Don’t forget to look up. You’ll see vultures, eagles and buzzards at close range, as well as large white-grey langur monkeys eating the many buds and flowers of the rhododendron. This trek has a quality network of trekkers’ lodges (guesthouses). Conditions are basic but comfortable and each lodge has its own character. Most rooms have two twin beds, prepped with sheets, blanket and a pillow. You’ll still need a sleeping bag. Hot showers, flushing toilets, phone charging (demand for charging points can be high), wifi and filtered water are readily available. Walls are not insulated so bring ear plugs.
The home-cooked food I was served was wonderful. Each daal baht was different – some curried, some spicy, some plain, some thicker. If you’re craving something other than daal baht, there are plenty of other options. The communal restaurant area, usually with a central wood stove, is a great place to eat, mingle with other trekkers, or read.
We became good friends. After the trek, as he escorted me to Tiger Mountain Pokhara Lodge. The first thing I saw when I walked through the entrance of this stunning luxury lodge, perched on a hilltop ridge that rises a thousand feet above the Pokhara Valley, was the spectacular view of Machhapuchhre (Fish Tail). The jaggy twin summits are arresting. On clear days the view stretches to three of the world’s 8000m peaks: Dhaulagiri, Annapurna and Manaslu.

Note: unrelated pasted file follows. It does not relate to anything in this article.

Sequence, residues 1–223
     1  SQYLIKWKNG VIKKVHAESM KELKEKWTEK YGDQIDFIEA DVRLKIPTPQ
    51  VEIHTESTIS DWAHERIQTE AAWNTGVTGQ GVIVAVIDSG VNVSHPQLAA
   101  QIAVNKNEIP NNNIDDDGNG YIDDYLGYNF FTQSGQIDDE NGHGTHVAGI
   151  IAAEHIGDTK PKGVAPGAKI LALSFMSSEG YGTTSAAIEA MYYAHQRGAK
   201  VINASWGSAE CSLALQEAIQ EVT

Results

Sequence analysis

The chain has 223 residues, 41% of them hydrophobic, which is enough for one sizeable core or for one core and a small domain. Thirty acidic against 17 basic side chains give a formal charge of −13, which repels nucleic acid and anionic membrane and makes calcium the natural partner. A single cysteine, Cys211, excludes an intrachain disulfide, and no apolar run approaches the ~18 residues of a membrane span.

Jhalak Chaudhary, who looks after guest relations and operations, greeted me with a big warm-hearted smile. He summoned a big pot of tea and a plate of freshly cut sandwiches and left me on the terrace to meditate on the majestic white peaks.
I excused myself for a refreshing swim in the stunning infinity edge swimming pool. I’d been looking forward to it since researching the lodge months ago, and it did not disappoint. It has a mountain backdrop like no other and is a great place to relax and read. Adding to the relaxation and rejuvenation, the Lodge also offers Shiatsu massage, Ayurvedic treatments, meditation and yoga.